This song jumps through a range of influences and sounds to represent the ebb and flow of the battles. A lot of early 90’s progressive DM like Pestilence, Atheist, and Cynic channelled through in varying degrees.

That beginning riff was definitely a callback to a more mid-paced traditional metal sound, a straightforward, yet effective exuberance that will show itself again in spots on the upcoming album.

VUK: Ah, the first appearance of the Sallow Moth!

“The Larval Hope (Piercer of Spells)” starts off as a march of sorts. Triumphant and melodic, more like an At The Gates vibe, musically, slowing down to another fantastic sludgy riff.

This is an incredibly dramatic moment!

The music and the lyrics fit so, so well: “The winged eclipse fills the sky The prized apparatus leads the fight Rise Pierce Piercing through Noctai’s spells, unhinged…”

He catches Moss Deceptiva off guard, allowing Servym’s crew to escape. At which point the music sort of drifts in space for a moment. A transition I’d imagine was a challenge!

GB: That start was certainly inspired by the likes of At The Gates and the melodic side of Dismember.

That transition to space was a bit of a creative challenge since that kind of environment in a story is wide open with options. But I knew that their escape wouldn’t be an easy one, nor a foolproof one, which leads into the next track, crash landing onto a primitive planet (which has its own tumultuous backstory).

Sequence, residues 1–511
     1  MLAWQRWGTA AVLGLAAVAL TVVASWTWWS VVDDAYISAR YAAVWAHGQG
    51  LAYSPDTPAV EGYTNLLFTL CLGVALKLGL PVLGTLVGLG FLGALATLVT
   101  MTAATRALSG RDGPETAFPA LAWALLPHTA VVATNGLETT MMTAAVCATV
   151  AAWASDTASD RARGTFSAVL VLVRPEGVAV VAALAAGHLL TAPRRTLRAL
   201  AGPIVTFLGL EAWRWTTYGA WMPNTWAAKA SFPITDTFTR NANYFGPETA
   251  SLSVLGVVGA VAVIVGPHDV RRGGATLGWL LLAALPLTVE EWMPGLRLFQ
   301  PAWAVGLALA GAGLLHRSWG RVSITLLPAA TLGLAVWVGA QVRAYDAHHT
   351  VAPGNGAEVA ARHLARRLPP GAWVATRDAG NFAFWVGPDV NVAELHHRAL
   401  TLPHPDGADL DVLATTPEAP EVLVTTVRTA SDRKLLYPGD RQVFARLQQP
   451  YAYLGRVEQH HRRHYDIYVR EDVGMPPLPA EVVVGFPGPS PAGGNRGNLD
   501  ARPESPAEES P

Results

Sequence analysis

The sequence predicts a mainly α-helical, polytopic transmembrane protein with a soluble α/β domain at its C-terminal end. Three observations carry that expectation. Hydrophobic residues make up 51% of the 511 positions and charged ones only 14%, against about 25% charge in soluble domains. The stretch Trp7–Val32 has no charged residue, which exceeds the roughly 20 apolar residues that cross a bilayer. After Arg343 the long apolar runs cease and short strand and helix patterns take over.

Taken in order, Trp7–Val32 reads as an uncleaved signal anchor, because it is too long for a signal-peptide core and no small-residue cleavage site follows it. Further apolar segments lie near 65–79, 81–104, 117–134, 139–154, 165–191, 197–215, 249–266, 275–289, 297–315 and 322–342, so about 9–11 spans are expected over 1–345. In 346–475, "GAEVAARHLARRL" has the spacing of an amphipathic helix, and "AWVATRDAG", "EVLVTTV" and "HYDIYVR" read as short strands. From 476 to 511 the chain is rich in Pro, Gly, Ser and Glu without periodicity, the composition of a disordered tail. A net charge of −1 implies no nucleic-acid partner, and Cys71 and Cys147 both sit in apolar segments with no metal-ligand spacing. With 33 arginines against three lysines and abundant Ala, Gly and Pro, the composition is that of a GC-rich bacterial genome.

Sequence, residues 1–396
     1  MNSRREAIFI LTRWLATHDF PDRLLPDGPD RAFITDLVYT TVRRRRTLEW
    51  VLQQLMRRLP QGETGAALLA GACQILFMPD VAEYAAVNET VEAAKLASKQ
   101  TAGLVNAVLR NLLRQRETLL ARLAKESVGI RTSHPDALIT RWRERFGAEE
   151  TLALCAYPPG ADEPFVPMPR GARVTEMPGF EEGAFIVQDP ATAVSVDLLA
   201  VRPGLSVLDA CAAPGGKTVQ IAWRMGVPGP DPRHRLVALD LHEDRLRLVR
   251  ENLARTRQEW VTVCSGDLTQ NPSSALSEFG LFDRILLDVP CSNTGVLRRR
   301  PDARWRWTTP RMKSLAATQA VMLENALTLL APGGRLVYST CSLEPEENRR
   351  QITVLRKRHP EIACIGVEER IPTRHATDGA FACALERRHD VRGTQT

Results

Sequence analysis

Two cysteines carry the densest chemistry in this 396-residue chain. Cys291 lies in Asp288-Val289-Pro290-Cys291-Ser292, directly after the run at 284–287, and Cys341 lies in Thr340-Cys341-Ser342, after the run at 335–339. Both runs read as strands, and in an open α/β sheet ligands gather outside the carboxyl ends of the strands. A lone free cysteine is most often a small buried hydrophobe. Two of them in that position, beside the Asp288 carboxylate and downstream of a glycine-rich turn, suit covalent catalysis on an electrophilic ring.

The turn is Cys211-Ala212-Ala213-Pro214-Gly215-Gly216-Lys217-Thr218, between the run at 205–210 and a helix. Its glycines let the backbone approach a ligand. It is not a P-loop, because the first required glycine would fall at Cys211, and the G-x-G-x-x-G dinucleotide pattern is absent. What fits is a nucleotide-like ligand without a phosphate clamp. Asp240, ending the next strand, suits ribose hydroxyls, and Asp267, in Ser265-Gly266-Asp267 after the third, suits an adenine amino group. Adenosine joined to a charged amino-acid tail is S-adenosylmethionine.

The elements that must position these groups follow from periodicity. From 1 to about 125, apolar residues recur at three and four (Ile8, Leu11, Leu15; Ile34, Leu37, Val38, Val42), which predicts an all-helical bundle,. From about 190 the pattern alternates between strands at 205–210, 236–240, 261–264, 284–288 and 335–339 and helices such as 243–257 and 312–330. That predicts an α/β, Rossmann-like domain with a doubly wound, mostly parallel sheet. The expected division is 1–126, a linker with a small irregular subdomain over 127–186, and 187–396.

VUK: Fantastic! That track (“Temporal Trespass”) has more of an old school Death Metal vibe overall, but certainly has its own atmosphere, jam packed with transitions and interludes. Another very complex tune.

You can really hear the intertwined nature/technology fighting for equal ground.

Can you tell me more about that backstory? Seems to be partially needed to understand “Ancient Grudge”.

GB: Thanks!

Yes, I wanted to channel a more primitive Death Metal vibe, not quite primitive as proto DM in the 80’s but just more of a brutish energy and aggression to build up the story’s conflict as it’s happening.

It’s noted that centuries ago Servym ordered a deep-space explorative ship (the Scry) to find planets with any signs of life, in hopes to eventually mark them for terraforming. This flashback in the story on Bandcamp sheds some light on Servym’s capitalistic expeditions.

“Ancient Grudge” goes back and forth between this flashback of this planet and the present time. It’s a revenge type of song presenting that some of the crew (some human, some android) from the flashback remained on this planet and assimilated to the natives after being left behind and abandoned in a cowardly fashion by Servym.

Present time, this group of androids and descendants of the humans reproach Sallow Moth and its crash-landed crew due to the obvious Servym-branded markings on their ship. This causes a whole other set of tensions and battles, which hopefully shines through to the listener and correlates to the pace changes in the musical aspect of the song.

VUK: It does, indeed! Starting at about the 1-minute mark, actually.

It almost sounds like a different vocalist saying “Prey pursued, prey subdued None survive, bodies dissolve”, but that’s an awesome groove, which changes pretty quickly into chaos. This is presumably just before Servym realizes the situation he’s in.

And, thanks to your description, the “fallen and abandoned, crawling steel” would be the assimilated androids Servym has left behind, all about to get real nasty!